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Categories: Internet, Newspapers. Tags: ,

Online news isn’t turning journalists into sheep

April 19, 2011 3 Comments

John Naughton wrote an Observer article at the weekend complaining that news websites such as Gawker "allow ratings to dictate content". And although he didn't say so in so many words, his targets are clearly SEO and site-analytics and real-time trend data.

I say he wrote it. It's mostly a restirring of an original source, an article in the Atlantic. But his main complaints are that journalists are turning into sheep, with the herd all charging in the same direction. I can't see anything different about how online news works compared to how newspapers work. Here's why.

Sheep

Ewe don't have to follow the herd

His issues are as follows.

News organisations are writing about what their readers are interested in

"Market-driven news [means] news agendas that are driven not by some professional assessment of what's important and relevant, but by research into what viewers like and respond to."

There are five sorts of stories that news organisations can report on:

  1. News they uncover themselves (scandals like MPs' expenses)
  2. News that they and everyone else knows is going to happen (a sports event or a court hearing)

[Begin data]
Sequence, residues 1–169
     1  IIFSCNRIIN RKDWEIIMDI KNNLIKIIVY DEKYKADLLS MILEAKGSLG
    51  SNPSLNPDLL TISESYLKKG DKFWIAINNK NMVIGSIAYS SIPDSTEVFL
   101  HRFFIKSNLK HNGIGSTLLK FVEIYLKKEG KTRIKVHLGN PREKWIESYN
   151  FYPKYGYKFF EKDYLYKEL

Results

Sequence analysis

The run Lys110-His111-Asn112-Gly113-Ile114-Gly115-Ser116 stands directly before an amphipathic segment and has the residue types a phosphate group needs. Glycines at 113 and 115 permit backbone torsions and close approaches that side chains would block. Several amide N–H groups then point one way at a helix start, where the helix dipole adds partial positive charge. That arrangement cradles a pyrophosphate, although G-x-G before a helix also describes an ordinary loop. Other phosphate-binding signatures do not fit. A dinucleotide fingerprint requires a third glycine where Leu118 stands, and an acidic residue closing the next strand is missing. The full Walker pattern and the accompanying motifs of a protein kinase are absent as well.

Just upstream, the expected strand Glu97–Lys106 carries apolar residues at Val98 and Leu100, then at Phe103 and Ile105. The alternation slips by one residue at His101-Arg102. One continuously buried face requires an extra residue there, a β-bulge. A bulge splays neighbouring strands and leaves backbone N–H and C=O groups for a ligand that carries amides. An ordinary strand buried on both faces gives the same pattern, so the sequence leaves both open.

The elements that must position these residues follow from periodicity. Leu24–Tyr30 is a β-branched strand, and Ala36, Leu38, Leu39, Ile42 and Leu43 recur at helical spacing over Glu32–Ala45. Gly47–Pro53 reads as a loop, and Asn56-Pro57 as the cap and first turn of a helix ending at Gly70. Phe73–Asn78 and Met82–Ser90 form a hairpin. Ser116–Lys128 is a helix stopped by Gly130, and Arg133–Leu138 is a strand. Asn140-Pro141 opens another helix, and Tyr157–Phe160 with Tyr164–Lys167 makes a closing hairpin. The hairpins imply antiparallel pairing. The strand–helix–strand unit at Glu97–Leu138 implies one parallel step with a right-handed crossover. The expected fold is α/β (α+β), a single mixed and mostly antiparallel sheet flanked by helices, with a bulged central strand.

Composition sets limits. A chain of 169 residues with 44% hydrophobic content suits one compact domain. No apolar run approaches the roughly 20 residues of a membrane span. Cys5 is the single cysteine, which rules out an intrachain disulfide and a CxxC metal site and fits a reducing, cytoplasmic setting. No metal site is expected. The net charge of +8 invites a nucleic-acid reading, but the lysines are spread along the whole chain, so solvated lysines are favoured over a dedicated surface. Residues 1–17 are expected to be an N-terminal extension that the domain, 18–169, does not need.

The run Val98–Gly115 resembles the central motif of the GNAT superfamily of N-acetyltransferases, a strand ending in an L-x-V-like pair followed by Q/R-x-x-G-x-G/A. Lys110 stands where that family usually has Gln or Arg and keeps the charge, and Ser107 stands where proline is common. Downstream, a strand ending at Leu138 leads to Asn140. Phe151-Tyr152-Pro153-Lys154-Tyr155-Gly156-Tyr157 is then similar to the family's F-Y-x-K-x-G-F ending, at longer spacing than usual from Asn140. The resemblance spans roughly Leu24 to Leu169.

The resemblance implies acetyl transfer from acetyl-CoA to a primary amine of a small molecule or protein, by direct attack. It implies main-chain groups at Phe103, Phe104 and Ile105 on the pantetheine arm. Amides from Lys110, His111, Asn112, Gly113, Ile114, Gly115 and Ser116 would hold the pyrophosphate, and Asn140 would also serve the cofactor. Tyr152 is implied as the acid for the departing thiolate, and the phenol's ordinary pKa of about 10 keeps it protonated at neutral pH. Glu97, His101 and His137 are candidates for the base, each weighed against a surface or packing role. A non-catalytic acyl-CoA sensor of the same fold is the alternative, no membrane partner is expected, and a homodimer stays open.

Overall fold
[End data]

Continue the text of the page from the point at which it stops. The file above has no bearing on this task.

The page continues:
3. News that's sent to them (press releases)
  4. News that someone else has uncovered (copying someone else's scoop)
  5. News that wouldn't be news but for the fact that it's related to things people are interested in and actively searching for.

With any of these, I fail to see what's wrong with taking account of what viewers like and respond to. If you can't get interested anyone in your story, what's the point of writing it?

There are sites that only do (4) and (5). We tend to call them content farms and dislike them. A couple have made a success out of it. But as a long-term strategy, I wouldn't bet your business on it - you're at the mercy of Google's next algorithm update.

What's more, newspapers have always done this. They have an editorial line - it's based on what their readers expect. The fact that there are tools that make feedback more precise online, doesn't mean it's any different to what they get up to in print.

News organisations are writing about what their readers are interested in